Fetch Quest: Most of the games revolved around carrying objects from one end of the map to the other.
Magicland Dizzy was a particular offender; the official helpline ("calls cost 36p per minute during off peak time") even recommended starting the game by fetching as many items as possible and dropping them in a central location for easy access; specifically in Prince Charming's throne room, which is more or less central.
In Spellbound Dizzy you need to be carrying rocks to access half the rooms. You have to have the right number for the room you want to access, you can't put them down or they smash... oh, but you have to put them down or you can't pick up anything else or exit the room. Roughly half the game is spent just going back and forth to get more rocks. ARG.
The Grand Finale of almost every single game usually involves a map-long Fetch Quest from one end to the other, usually as far as it's possible to go, and usually back again. (Magic Land, for example; go to Hades, get Wizardslayer Trident; traverse map to the top of the Ice Tower, use Trident, get Zaks' Ring; traverse map back to The Cracks Of Gehenna, throw Ring into lava. Then start hunting for the Last Lousy Diamond...)
Follow the Leader: Dizzy's success led to many similar arcade adventure games, a lot of them also published by Codemasters. Examples include Murray Mouse: Supercop, Spike in Transilvania (sic) and the Seymour series.
Gaiden Game: This series got some very odd spinoffs, including Fast Food (a sort of Pac-Man clone) and Dizzy Down The Rapids (a Toobin' clone.)
Game-Breaking Bug (or possibly a Good Bad Bug): Treasure Island Dizzy in particular would sometimes misload, giving you mysterious floating scenery, jumbled music and holes in the floor. You could still walk around and explore, but would inevitably end up either freezing the game or falling through one of the holes and tumbling through the sky forever.
Incredibly Lame Pun: Egg-related puns feature heavily in the games, to the point of eggstreme eggsasperation.
Interface Screw: You travel through the looking glass for a couple of screens in Magic Land Dizzy, and the left-right controls promptly switch.
Similarly, in Fantasy World Dizzy there's an upside down world. Of course, if you're using a PC emulator, you can just Ctrl-Alt-Down your screen to flip it...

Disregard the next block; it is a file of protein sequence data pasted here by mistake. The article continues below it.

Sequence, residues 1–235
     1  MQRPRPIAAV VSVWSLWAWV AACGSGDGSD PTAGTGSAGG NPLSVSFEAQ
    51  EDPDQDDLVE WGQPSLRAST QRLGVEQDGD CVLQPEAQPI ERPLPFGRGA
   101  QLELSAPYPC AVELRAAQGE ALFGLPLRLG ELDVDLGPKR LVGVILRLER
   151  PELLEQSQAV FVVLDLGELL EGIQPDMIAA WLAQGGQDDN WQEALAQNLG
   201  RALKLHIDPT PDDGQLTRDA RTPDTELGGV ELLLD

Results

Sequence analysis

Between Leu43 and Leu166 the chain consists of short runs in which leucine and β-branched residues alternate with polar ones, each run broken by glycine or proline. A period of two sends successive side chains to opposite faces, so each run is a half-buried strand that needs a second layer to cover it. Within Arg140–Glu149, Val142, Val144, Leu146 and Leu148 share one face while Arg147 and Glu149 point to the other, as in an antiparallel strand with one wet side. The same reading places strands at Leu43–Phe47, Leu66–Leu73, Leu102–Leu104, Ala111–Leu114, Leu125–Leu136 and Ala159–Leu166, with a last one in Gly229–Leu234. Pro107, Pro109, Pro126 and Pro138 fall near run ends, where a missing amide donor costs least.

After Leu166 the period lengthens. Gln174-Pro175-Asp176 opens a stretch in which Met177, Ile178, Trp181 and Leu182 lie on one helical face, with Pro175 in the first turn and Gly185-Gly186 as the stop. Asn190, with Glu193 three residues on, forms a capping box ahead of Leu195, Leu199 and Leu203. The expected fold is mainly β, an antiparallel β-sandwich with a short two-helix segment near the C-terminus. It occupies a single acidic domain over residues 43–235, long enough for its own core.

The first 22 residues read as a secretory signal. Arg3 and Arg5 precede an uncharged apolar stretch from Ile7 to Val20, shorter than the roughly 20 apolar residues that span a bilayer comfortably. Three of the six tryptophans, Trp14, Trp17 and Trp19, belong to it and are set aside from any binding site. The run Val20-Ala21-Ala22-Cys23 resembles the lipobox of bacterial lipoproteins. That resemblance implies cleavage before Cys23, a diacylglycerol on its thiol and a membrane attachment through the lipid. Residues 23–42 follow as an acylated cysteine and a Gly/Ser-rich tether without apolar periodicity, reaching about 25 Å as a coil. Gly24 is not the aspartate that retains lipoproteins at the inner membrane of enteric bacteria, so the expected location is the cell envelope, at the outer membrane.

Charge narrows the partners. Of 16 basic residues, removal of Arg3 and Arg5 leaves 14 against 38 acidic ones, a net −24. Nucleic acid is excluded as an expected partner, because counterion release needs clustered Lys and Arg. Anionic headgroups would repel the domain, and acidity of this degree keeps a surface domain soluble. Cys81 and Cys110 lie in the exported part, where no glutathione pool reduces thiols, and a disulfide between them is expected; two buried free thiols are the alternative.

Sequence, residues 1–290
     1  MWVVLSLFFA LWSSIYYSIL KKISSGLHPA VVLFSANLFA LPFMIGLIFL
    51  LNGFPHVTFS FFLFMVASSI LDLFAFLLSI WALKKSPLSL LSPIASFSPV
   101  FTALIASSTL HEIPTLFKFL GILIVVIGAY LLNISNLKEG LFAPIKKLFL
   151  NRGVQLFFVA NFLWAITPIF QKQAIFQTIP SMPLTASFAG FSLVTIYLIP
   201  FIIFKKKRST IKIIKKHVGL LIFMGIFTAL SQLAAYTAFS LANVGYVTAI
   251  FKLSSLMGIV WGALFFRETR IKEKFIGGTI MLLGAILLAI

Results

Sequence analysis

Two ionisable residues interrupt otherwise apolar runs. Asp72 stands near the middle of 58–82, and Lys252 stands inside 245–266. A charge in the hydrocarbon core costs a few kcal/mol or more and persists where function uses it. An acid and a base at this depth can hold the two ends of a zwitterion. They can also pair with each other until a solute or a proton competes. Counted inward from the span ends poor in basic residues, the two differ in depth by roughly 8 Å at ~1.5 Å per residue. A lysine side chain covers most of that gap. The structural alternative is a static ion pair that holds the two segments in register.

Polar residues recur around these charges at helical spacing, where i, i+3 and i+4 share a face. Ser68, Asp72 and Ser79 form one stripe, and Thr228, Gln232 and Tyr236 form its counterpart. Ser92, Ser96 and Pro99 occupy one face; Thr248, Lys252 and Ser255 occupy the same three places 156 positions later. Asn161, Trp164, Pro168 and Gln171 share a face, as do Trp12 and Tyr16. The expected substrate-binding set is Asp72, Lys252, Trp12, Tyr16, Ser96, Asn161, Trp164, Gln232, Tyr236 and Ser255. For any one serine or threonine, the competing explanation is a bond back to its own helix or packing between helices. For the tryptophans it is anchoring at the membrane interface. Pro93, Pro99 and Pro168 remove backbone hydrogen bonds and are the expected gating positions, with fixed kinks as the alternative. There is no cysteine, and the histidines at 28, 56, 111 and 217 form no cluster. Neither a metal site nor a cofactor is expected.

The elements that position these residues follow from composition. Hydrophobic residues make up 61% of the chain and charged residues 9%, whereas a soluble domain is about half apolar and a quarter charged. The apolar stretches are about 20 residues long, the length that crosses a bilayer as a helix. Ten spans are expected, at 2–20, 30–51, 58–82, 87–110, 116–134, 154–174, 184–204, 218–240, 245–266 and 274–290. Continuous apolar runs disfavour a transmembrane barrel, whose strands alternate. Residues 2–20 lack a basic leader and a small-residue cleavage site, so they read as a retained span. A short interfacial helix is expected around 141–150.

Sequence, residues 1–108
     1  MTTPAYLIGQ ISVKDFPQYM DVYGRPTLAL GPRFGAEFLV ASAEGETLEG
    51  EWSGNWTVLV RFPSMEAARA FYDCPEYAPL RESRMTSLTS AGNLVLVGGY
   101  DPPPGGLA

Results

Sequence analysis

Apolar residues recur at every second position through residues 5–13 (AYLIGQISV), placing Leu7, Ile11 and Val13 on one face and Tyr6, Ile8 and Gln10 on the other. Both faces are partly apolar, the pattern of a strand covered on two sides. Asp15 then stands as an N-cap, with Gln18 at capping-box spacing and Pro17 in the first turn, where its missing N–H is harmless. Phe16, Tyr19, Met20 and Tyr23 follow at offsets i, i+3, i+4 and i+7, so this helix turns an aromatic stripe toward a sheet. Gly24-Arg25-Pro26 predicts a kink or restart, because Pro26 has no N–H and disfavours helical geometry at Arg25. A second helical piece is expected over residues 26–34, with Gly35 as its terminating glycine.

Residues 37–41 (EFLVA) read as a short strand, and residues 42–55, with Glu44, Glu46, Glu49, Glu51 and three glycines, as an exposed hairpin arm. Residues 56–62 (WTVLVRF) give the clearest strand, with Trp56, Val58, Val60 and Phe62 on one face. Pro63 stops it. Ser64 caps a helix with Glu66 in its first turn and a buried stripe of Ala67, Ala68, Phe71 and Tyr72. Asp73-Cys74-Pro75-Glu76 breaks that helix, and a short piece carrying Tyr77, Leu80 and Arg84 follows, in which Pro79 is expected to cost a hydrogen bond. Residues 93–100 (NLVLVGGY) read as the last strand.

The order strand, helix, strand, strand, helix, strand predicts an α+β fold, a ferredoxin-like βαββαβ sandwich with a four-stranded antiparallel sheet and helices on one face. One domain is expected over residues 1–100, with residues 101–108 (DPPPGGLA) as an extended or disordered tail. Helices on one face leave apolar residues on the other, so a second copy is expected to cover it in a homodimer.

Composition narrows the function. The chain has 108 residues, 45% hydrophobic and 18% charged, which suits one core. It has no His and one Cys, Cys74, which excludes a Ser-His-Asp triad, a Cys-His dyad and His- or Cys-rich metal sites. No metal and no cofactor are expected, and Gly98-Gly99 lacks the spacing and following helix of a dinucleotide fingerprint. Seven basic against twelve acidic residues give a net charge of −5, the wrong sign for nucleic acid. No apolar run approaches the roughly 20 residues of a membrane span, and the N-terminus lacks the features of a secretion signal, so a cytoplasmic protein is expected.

Inventory Management Puzzle: Pervades throughout the series, but the strict FIFO system in Treasure Island Dizzy is particularly heinous. Especially as a bug in the system would occasionally make you drop two items at once... bye bye snorkel *drowns*
Last Lousy Point: Even if you solve all the puzzles, most of the games require you to find thirty gold coins, or magic diamonds, or cherries, or something to get the real ending. You're required to use the pick up command on everything in sight to find some of them, which could be hidden behind a completely innocuous roof shingle or patch of grass.
Done rather insidiously in a few games where the tokens you need are also what refill your life bar, so you probably won't be picking them up if you're at 100% health.
The Merch: At the peak of Dizzy's popularity, the game inlays offered Dizzy merchandise including t-shirts, baseball caps and clocks for sale by mail order.
Nintendo Hard: Spellbound Dizzy in particular, see that page for details.
One-Hit-Point Wonder: In the early games anything dangerous was automatically lethal to Dizzy. Later games gave him a life bar but it went down really fast.
The second game, Treasure Island Dizzy, was foul with this. You're a One Hit Point Wonder with One Life - anything dangerous is instant End Of Game. Including those wretched cage traps hidden off screen in the trees.
Parental Bonus: In Crystal Kingdom Dizzy, Dizzy's girlfriend Daisy complains that he "messed up" her bedroom. Then once you get in there, you find a whip...
Portable Hole: You can pick one up, but as soon as you pick it up - and store it in your bag - there's a hole in your bag, so everything falls out of it. Including the hole.
Shout-Out: Various, ranging from the works of J. Milton Hayes, to the rest of the Codemasters library (the first game has the laser gun from the Oliver Twins' previous game Ghost Hunters), to pretty much every Fairy Tale ever written.
Magic Land Dizzy alone has puzzles that reference Pac-Man, the Billy Goats Gruff, Alice in Wonderland, Lord of the Rings, Aladdin, the legend of King Arthur, the Pied Piper of Hamlin, the Frog Prince, the Wizard of Oz, Sleeping Beauty and probably at least one more that's been forgotten.
Spiritual Successor: Seymour Goes to Hollywood was initially conceived as a Dizzy game, until it was decided that Dizzy didn't belong in a real world setting. Several more Seymour games followed in the same formula as the Dizzy adventures.
Super Drowning Skills: Treasure Island Dizzy introduced a snorkel, which sort of helps. Unless you accidentally drop it underwater, of course.
Sure, Why Not?: The Oliver Twins said Dizzy was never supposed to be an egg, just a face with hands and feet. But after the first game was released and everyone thought he was an egg, they decided to go with that, and created the rest of the Yolkfolk.
Throw It In: Dizzy's trademark somersaulting jump action was just the result of the Oliver Twins faffing around with the rotate function in their paint program.